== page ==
After Najjar, a friend and neighbor, was killed, Qudih decided to work at a field hospital, far from the front lines, for three weeks. And if she felt in danger, “we would step back a little or hide ourselves behind a sand hill,” she said.
She once scolded her young nephews when she saw them at a protest. “Later, I felt embarrassed because the place was full of people and I looked as if caring for our children only.”
Her brother Loai initially objected to her going but eventually gave up. “This is who she is,” he said.
On a recent Friday, it didn’t take long for Qudih to see action. Dozens of protesters ventured toward the border fence and set tires ablaze as Israeli forces responded with volleys of tear gas and occasional live fire.
Qudih, wearing a medical coat over her full-body Islamic gown, moved quickly to treat the wounded. She darted to the front lines, sprinkling saline on people lying on the ground until paramedics carried them away. When the acrid smoke cleared, she removed her medical mask and wiped her face with tissues.
Israel accuses Hamas of using the protests as cover to carry out attacks and says it is defending its border from infiltration attempts. One Israeli soldier has been killed by a Gaza sniper.
But Israel has come under heavy criticism because of the large number of unarmed protesters who have been shot. It came under similar criticism during a 2014 war with Hamas in which 11 paramedics were killed and 24 ambulances destroyed, according to al-Mezan.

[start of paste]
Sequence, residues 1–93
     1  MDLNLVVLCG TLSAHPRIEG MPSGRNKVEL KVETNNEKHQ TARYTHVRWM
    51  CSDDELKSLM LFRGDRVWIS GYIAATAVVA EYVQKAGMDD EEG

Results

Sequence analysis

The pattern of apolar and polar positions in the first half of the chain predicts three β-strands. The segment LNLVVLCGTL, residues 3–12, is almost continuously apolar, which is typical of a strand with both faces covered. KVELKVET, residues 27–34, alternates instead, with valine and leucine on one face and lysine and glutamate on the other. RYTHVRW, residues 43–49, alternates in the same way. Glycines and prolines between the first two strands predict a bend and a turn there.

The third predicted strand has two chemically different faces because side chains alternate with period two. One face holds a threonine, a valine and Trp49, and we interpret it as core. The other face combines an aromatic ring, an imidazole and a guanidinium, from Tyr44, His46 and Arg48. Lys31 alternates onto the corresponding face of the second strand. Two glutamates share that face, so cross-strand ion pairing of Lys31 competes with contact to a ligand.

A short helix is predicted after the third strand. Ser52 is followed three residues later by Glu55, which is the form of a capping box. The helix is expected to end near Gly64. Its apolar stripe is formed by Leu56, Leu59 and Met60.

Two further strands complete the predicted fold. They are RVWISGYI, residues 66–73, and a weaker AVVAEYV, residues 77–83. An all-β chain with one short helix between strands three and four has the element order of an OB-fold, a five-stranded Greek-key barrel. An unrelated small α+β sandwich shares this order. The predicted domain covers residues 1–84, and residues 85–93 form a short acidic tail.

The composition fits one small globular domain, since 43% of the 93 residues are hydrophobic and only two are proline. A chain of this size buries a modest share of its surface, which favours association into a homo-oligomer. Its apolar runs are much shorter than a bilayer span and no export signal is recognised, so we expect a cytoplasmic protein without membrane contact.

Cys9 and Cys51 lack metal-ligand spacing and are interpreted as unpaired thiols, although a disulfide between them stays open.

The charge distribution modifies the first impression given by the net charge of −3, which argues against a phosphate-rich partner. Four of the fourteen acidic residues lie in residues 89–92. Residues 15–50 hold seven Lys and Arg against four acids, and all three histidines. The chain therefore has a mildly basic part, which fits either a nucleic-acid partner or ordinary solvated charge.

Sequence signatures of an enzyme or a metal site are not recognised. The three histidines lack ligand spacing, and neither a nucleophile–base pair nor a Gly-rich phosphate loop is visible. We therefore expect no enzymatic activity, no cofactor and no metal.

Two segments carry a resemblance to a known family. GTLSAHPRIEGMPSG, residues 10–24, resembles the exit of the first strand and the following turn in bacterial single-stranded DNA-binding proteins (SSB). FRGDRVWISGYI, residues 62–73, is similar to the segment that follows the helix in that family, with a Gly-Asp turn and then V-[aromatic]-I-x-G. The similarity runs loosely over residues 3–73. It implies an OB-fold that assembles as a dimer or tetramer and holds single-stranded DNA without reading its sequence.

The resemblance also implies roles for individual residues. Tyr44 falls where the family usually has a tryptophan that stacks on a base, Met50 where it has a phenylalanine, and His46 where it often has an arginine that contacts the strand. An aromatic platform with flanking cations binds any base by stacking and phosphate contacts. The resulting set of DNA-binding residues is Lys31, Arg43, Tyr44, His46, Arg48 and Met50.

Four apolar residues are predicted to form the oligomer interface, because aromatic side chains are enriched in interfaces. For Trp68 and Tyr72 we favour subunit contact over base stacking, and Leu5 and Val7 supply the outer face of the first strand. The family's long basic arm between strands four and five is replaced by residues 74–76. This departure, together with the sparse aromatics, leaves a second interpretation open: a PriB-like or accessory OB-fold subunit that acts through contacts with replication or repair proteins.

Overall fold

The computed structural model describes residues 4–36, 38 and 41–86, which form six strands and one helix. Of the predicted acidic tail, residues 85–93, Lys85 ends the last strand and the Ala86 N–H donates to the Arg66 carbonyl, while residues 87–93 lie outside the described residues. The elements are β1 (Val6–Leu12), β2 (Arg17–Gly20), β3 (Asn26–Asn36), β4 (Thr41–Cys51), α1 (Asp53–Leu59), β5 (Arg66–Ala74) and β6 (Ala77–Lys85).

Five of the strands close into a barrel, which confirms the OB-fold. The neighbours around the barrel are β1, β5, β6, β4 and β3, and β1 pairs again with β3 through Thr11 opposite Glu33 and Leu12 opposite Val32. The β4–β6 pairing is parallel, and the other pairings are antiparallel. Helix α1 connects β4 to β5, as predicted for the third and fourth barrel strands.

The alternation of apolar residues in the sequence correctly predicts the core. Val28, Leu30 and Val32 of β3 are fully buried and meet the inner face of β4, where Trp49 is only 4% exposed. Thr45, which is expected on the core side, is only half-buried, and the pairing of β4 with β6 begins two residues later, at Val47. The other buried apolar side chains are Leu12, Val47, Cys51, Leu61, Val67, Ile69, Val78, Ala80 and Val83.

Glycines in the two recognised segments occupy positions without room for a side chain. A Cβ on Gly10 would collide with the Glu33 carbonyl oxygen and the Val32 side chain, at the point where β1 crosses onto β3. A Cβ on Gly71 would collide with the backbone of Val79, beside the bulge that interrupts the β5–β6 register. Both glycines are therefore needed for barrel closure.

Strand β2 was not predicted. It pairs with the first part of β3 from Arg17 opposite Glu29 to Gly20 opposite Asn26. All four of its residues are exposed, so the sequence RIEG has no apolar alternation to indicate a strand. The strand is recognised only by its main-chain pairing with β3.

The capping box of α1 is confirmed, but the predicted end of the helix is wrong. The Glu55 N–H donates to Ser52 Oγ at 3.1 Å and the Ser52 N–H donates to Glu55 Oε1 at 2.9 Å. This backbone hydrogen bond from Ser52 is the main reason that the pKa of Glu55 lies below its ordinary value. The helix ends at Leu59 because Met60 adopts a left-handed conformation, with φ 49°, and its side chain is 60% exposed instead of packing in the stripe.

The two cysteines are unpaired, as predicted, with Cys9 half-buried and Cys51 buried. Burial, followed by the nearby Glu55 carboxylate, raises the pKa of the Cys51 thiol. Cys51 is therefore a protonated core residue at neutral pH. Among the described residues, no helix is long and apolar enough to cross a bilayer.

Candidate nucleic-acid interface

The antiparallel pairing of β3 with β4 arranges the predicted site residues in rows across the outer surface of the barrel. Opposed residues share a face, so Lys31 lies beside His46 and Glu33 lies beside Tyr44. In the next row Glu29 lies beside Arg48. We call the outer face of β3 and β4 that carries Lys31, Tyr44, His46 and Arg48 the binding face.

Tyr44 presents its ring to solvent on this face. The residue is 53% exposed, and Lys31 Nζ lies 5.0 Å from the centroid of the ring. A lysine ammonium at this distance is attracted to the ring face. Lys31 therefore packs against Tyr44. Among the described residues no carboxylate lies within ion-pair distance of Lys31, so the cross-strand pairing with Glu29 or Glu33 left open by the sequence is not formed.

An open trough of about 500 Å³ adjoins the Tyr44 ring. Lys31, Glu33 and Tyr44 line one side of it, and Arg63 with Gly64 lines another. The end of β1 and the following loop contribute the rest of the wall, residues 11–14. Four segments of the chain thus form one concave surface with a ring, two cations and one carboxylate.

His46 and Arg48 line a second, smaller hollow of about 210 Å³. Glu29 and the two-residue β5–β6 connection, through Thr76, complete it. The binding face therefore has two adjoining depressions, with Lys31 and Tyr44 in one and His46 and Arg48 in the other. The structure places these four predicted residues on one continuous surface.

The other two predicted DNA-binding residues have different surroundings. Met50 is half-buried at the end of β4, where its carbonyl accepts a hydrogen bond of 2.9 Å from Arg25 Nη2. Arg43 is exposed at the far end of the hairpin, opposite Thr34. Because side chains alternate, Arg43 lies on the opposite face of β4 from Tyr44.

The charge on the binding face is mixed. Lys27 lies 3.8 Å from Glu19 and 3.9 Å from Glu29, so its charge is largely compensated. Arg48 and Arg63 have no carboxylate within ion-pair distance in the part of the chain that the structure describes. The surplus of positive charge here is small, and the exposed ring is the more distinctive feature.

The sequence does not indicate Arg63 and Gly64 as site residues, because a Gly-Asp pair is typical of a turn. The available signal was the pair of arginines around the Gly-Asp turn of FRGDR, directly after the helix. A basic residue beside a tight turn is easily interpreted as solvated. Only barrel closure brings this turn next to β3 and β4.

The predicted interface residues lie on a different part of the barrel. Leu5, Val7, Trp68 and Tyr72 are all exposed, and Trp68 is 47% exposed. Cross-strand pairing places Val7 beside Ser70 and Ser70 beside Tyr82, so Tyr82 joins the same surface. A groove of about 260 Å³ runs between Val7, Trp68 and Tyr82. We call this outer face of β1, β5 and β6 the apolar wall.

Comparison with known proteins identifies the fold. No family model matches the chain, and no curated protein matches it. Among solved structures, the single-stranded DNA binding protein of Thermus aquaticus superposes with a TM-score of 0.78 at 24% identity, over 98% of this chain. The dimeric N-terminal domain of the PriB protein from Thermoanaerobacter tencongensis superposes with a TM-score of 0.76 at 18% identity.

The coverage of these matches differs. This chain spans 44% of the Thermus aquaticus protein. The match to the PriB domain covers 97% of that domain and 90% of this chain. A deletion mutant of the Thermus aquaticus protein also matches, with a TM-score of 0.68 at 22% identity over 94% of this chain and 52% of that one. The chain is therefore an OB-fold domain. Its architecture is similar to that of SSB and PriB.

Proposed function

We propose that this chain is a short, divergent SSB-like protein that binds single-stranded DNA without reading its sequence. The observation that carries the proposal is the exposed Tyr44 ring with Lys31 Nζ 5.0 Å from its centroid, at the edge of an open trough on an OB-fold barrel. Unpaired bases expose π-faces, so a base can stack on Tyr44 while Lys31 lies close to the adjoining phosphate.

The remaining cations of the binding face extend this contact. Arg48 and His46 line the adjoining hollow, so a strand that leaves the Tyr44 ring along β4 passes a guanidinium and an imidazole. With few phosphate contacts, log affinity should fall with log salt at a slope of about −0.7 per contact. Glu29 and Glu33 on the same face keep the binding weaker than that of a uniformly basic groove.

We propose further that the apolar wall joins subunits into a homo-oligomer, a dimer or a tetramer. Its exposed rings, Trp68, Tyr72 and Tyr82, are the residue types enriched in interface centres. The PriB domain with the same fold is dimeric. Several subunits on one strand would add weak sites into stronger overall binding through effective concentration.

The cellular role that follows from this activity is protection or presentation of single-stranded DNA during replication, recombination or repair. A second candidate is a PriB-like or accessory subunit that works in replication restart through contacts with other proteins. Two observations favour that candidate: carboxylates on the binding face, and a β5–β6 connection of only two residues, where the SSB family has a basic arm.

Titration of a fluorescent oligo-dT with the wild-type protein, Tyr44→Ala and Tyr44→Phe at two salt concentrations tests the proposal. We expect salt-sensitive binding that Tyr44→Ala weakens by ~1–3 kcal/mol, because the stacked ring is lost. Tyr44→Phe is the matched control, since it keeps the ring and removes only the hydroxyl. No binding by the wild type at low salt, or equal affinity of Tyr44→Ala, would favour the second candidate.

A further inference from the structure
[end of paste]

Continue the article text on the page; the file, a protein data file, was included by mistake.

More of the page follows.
In a statement, the Israel army denied targeting medical workers but said they operate very close to the fence “and are often mixed between those carrying out attacks and those acting violently.”
It said commanders “repeatedly and emphatically” ordered their troops to avoid harming medical workers. It said troops generally stop their activities when medical personnel near the border, even though this can heighten risks to soldiers by allowing Hamas militants to approach.
“Nevertheless, despite these efforts, unintended harm to medical personnel may have been unavoidable in such volatile, challenging and chaotic situations,” it said, adding that the deaths of medical personnel are being investigated.
Professional medics from the Health Ministry, Civil Defense and the Palestinian Red Crescent Society provide most of the care. But trainees and unpaid volunteers like Qudih have played supporting roles because of the many injured, al-Mezan said.
Being unemployed, Qudih said she hopes health officials will offer her a job. Unemployment in Gaza is close to 50 percent. But she said her main motivation is her “national and religious duty” — and to remember her friend, Razan Najjar.
“We continue our volunteer work here in great part as an honor to Razan,” she said.